Maine Maritime Museum
Maine Maritime Museum celebrates Maine's maritime heritage and culture in order to educate the community and a worldwide audience about the important role of Maine in regional and global maritime activities.
The Museum accomplishes its stewardship through: discriminate collection, preservation and dissemination of historic materials and information, engaging educational programs, relevant and compelling exhibitions, and a unique historic shipyard, all connecting the past to contemporary and future issues.
In 1962 seven residents of Bath, Maine formed the Marine Research Society of Bath which did business for years as the Bath Marine Museum.
In 1975, the name was officially changed to Maine Maritime Museum. The Percy & Small Shipyard, the only intact shipyard site in the U.S. which built large wooden sailing vessels, was donated by Mr. and Mrs. L. M. C. Smith in 1975; in 1981 Mrs. Smith also donated the adjoining Donnell House, a shipyard owner's Victorian -era residence.
In 1985 the Museum added the Leon L. Bean Building to house its Maine Lobstering Exhibit. In that same year the long-standing relationship between the Grand Banks Schooner Trust and the Museum was launched, allowing the schooner Sherman Zwicker to be a floating waterfront exhibit during the summer season. In 1989, following a successful capital campaign, the Museum opened its brand new Maritime History Building, just south of the Percy & Small Shipyard, allowing all its facilities to be in one major location for the first time.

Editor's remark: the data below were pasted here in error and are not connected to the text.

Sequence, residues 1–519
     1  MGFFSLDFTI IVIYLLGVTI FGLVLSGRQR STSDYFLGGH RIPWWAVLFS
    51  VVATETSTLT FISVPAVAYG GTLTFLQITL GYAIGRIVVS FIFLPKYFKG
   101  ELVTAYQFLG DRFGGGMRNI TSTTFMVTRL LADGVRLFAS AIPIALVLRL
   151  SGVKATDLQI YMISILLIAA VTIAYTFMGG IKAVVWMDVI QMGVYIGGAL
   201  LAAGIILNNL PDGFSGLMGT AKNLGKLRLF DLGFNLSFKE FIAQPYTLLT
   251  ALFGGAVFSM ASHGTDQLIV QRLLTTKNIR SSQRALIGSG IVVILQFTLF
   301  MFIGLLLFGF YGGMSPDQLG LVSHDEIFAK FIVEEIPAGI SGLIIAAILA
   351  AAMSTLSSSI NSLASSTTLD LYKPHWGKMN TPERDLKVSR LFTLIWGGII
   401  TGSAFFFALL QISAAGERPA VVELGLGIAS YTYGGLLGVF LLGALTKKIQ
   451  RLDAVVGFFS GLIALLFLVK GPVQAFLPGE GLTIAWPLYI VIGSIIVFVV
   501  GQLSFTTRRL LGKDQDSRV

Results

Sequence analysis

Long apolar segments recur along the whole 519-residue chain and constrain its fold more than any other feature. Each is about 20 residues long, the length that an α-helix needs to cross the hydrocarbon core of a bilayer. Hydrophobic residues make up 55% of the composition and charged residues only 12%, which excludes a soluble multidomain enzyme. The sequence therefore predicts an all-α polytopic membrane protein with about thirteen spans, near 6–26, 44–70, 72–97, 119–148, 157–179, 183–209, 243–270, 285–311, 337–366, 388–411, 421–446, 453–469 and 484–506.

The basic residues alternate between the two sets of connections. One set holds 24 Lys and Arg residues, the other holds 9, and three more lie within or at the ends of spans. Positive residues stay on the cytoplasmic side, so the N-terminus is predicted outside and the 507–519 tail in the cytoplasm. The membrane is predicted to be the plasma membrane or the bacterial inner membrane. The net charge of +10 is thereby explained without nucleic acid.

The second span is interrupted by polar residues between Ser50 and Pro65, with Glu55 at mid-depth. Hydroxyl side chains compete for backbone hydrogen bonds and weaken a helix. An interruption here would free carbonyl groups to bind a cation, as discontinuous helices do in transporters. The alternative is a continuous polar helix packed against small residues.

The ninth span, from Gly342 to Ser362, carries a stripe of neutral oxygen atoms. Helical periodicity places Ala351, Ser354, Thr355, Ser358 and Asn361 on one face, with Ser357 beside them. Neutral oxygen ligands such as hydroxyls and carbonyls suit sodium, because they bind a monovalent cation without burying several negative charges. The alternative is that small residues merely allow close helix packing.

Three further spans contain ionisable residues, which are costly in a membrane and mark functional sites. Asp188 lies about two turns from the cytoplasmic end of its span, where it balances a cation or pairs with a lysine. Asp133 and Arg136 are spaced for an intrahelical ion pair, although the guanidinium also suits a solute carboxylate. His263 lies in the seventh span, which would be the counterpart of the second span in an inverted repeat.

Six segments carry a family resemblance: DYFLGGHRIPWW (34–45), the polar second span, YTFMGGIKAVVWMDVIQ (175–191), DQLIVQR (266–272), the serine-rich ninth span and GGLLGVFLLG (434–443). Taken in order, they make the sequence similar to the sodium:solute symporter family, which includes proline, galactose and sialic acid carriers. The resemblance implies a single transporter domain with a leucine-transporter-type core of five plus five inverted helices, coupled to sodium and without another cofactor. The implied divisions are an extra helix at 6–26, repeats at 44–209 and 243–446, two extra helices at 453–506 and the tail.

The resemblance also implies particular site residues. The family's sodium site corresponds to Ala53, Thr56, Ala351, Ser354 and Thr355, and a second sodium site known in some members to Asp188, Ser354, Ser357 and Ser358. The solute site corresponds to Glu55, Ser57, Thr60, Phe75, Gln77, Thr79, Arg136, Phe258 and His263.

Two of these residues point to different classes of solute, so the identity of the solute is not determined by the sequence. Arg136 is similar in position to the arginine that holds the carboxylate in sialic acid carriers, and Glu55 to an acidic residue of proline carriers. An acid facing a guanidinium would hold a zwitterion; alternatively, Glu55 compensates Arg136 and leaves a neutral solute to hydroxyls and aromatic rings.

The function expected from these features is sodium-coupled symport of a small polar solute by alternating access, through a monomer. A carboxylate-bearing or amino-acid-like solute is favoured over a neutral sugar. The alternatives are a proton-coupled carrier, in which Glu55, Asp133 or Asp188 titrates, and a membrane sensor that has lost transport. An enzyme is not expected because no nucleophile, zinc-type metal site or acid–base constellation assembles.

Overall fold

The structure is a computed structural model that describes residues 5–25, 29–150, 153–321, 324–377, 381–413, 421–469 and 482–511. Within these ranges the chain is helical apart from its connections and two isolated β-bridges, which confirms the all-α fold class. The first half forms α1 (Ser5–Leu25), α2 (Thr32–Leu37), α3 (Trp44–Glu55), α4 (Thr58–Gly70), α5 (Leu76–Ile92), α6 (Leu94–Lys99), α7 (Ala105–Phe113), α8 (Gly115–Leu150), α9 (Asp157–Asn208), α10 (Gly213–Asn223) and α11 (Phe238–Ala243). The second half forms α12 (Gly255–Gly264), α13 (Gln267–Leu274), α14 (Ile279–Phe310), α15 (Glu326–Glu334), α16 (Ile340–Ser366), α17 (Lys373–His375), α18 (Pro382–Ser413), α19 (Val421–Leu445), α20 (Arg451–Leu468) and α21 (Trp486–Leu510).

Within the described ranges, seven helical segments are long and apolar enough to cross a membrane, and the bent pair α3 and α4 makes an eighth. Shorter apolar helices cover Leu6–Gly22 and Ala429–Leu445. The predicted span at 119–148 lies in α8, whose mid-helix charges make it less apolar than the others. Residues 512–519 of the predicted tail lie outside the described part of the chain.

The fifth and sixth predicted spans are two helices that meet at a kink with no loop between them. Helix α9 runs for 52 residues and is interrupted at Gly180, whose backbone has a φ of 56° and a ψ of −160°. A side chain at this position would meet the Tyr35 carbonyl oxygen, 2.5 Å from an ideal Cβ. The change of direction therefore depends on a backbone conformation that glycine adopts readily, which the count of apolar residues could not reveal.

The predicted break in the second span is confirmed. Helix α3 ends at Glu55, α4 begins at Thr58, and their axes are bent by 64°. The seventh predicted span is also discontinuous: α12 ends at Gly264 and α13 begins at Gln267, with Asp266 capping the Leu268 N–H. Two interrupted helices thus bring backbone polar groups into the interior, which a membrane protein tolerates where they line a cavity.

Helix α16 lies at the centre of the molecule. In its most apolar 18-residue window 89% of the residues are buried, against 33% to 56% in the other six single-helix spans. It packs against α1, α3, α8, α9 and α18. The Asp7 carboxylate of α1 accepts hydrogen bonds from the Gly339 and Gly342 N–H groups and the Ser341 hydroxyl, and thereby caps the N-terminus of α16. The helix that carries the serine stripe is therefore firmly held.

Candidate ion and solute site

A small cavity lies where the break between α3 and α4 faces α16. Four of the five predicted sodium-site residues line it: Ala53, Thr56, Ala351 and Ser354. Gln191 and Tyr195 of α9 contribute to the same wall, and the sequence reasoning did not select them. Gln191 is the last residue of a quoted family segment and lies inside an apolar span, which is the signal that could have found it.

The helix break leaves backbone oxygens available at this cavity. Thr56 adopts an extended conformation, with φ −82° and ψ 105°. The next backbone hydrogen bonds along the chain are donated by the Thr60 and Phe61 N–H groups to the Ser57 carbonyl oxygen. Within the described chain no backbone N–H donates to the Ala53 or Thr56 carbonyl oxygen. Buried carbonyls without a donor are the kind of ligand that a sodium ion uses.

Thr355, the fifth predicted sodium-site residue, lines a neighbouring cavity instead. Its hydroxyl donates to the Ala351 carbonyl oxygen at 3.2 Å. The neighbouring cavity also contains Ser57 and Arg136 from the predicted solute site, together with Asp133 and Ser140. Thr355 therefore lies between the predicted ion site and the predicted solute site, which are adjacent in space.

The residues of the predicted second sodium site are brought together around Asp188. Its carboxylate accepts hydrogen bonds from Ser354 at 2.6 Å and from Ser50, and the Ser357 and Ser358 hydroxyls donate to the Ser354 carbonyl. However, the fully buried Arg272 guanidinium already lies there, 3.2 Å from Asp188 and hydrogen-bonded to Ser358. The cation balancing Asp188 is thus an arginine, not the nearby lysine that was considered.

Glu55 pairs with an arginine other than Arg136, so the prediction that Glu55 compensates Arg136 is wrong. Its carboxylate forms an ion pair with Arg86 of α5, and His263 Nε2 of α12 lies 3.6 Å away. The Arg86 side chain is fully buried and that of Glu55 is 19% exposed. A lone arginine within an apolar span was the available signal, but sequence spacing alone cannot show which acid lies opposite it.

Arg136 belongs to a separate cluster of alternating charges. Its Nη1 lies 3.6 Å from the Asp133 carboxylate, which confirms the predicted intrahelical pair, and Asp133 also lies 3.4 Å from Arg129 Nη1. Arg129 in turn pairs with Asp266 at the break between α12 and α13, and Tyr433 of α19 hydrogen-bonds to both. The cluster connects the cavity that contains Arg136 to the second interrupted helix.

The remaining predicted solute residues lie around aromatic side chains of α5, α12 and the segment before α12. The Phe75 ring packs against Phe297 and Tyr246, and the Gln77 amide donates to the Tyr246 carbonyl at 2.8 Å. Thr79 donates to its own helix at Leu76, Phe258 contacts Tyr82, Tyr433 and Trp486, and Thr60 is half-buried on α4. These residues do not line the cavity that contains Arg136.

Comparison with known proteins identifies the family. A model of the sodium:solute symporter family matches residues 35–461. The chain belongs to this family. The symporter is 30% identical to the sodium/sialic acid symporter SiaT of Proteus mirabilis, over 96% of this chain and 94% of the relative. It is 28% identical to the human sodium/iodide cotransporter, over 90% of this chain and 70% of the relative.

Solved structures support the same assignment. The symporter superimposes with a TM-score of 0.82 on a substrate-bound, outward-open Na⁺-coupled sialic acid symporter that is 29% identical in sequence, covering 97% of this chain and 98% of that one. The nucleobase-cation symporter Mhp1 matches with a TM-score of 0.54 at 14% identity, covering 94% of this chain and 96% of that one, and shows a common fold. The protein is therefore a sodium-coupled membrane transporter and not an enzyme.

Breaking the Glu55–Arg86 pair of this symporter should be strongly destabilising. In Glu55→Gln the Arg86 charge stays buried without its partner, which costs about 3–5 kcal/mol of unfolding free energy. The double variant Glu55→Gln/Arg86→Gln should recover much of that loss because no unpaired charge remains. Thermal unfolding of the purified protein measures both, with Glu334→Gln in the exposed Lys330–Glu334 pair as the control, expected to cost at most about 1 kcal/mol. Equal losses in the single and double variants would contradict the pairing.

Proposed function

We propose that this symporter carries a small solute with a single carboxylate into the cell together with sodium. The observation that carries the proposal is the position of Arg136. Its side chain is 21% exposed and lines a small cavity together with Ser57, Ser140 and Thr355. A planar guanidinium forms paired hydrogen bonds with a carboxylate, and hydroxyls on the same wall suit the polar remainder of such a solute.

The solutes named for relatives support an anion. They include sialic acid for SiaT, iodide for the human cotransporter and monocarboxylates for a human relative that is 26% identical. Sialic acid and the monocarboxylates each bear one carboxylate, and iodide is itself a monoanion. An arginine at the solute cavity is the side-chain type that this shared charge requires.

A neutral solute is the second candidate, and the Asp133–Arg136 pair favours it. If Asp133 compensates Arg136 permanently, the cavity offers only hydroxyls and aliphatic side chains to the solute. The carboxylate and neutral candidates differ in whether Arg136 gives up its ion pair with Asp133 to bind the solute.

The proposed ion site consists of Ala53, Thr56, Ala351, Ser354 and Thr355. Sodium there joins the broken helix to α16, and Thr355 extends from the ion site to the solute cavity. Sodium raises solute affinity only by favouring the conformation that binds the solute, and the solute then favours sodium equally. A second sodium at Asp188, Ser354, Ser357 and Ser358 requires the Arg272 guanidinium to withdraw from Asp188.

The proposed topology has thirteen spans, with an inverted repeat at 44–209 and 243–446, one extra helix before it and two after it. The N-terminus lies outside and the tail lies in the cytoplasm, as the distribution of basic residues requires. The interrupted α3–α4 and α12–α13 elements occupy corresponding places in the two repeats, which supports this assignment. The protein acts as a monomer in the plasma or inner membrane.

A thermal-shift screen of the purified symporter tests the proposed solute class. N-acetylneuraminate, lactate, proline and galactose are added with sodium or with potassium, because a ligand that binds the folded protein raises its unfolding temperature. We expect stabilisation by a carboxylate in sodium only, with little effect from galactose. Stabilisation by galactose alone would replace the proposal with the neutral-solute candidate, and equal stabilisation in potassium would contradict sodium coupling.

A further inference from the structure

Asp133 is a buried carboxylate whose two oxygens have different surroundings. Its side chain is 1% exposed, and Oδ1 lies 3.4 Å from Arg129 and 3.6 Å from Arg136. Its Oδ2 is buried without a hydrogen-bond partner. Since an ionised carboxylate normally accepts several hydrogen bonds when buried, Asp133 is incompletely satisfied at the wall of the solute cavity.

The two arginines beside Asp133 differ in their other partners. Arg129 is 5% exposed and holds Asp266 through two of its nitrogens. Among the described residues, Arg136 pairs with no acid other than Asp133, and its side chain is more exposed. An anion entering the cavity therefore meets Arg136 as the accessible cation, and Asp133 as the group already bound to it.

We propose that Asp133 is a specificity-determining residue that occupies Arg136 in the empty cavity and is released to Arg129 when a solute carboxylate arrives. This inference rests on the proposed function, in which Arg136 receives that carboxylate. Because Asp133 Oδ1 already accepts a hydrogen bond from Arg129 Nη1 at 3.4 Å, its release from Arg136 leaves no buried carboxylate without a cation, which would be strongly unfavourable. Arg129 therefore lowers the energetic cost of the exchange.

1994 the Museum rebuilt the Deering Pier which allows us to welcome larger visiting vessels. We saw the arrival of the remains of the clipper ship Snow Squall in 1995, and with further improvements in 2006, this remains an important aspect of a Museum visit.
In 2001 the Museum added a meeting and dining facility, Long Reach Hall. This beautiful timber frame building is equipped with a full caterer's kitchen. The following year the Visiting Yachtsmen's Building was added to provide amenities for those visiting us by boat. Ten guest moorings are available in season.
My friend, a Maine man from generations of Bath shipbuilders and operators, took me here today. I'm from England and have a keen interest in wooden boats in particular. I found your facility very friendly and interesting. In particular we liked the man who told us how the ship launching was done. Please thank him from us, he was charming.
Absolutely astonishing exhibits! Very great customer service as well! The tug boat pilot replica was one of my favorite!
Excellent museum. Took the very informative your. Friendly staff. Also offer boat cruises. I took the Seven Lighthouses tour and it was a great trip.
A lot to see, all of it fascinating! Plan on spending time here. You can come back the second day for free.
We toured the museum ourselves and had a great time. It would have been nice if the guided tours were more frequent. We got there at 1:00 and the next guided tour wasn't until 3:30.